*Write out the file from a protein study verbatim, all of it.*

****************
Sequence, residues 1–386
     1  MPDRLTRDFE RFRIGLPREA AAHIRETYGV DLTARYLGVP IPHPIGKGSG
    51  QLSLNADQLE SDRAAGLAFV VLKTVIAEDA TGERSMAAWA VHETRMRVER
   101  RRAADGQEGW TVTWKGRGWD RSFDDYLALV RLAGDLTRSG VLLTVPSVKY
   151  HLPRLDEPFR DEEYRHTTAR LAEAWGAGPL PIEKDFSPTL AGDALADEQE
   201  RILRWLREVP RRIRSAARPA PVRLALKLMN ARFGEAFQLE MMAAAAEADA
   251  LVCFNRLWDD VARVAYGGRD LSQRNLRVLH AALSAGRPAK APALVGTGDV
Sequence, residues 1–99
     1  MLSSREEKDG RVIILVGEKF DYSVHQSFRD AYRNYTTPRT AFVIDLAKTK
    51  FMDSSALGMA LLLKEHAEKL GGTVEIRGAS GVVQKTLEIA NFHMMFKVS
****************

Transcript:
Sequence, residues 1–386
     1  MPDRLTRDFE RFRIGLPREA AAHIRETYGV DLTARYLGVP IPHPIGKGSG
    51  QLSLNADQLE SDRAAGLAFV VLKTVIAEDA TGERSMAAWA VHETRMRVER
   101  RRAADGQEGW TVTWKGRGWD RSFDDYLALV RLAGDLTRSG VLLTVPSVKY
   151  HLPRLDEPFR DEEYRHTTAR LAEAWGAGPL PIEKDFSPTL AGDALADEQE
   201  RILRWLREVP RRIRSAARPA PVRLALKLMN ARFGEAFQLE MMAAAAEADA
   251  LVCFNRLWDD VARVAYGGRD LSQRNLRVLH AALSAGRPAK APALVGTGDV
Sequence, residues 1–99
     1  MLSSREEKDG RVIILVGEKF DYSVHQSFRD AYRNYTTPRT AFVIDLAKTK
    51  FMDSSALGMA LLLKEHAEKL GGTVEIRGAS GVVQKTLEIA NFHMMFKVS